One-act dramas are aired once a month from about 100 to 120 minutes and it costs about 700 million ($624,000) to produce.

Situation dramas are long-term productions that run from six months to 10 years while special dramas are irregularly aired and are made for holidays and anniversaries and have “clear thematic sense and strong dramatic elements.” Epic dramas, aired at least one year, “describe in-depth a person, incident or theme that marks a big flow of history” like a king or hero.

Drama production process

In the pre-production stage, Kim said, “is basically a stage of developing a program itself. The subject and subject matter, lead characters and writers are selected and they work together to develop more detailed structure of the drama itself.”

He said one to two years before a drama is aired, the company recruits writers and makes a contract with them. The writers and production company discuss to finish the synopsis and then decide the directors and producers and work together with the broadcasting company or TV station.

Kim said there are about 2,500 TV and radio writers in Korea and for dramas, there are about 50 “special grade” writers and 50 “Grade A” writers.

For a 10-minute dialogue, script fees amount to 500,000 won ($445) for a mini-series and 350,000 won ($312) for a soap opera. Special grade writers get a guarantee fee of 70 million to 100 million won ($62,000 to $89,000) per episode while Grade A writers get 40 million to 60 million won ($36,000 to $53,000) per episode.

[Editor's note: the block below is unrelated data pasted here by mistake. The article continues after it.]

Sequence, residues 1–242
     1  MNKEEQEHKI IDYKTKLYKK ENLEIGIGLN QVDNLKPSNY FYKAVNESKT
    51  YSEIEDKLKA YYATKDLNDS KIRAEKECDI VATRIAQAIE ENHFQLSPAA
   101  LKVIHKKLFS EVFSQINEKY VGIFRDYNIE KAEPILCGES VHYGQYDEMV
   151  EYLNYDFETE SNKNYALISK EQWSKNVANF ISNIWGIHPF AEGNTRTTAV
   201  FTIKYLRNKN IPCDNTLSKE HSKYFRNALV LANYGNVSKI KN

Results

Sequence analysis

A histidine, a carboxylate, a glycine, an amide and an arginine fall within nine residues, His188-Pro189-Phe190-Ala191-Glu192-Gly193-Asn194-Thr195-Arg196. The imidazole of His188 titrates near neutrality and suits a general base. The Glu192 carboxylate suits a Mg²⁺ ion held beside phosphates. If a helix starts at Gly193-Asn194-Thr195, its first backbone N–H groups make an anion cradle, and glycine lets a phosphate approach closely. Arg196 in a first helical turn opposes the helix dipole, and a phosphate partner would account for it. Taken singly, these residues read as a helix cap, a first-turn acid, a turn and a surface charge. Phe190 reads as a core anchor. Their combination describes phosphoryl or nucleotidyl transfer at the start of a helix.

In the production stage, the shooting of the drama starts. This also includes organizing staff, preparing sets and props, casting and signing up actors and actresses. For a 16-episode mini-series, he said, the script is already written for eight episodes or 50 percent before the shooting starts, and 50 percent of the entire shooting is done before it is aired.

Kim said there are about 3,000 actors and actresses in Korea and of them, 40 belong to “special grade” and 60 are in the “Grade A” level.

A special grade star gets a guaranteed fee of 100 million to 200 million ($89,000 to $178,000) per episode. This translates to an income of $1.42 million to $2.84 million for a 16-episode drama. Kim said for a recent drama for an OTT platform, they even paid 300 million won ($267,000) per episode.

Grade A stars get 20 million to 50 million won ($18,000 to $44,000) guaranteed fee per episode, or about $285,000 to $713,000 for 16 episodes.

Kim said they need to pay the high fees to Korean stars as “it is the best way to kind of guarantee the stable and high viewing rate and also guarantee the advertisement revenues.”

The post-production stage is finishing the drama through video editing including pre-editing effects, dubbing, color correction and computer graphics. In this stage, he said, they also insert subtitles and credits; produce tapes for broadcast and exports; and prepare airing.

“This is the era where people around the world are enjoying the same content at the same time via the online platforms and I’m very familiar with that. Filipinos love Korean dramas and Korean content for more than 20 years. For that, as one of the Korean producers, I really appreciate your support and love for Korean dramas.

He added, “What I wish for the future is that I want to see more active exchanges between the two countries in the drama industry. To do so, I want to see the exchanges between producers and personnel in the industry to meet more often. I want to find more opportunities for joint productions.”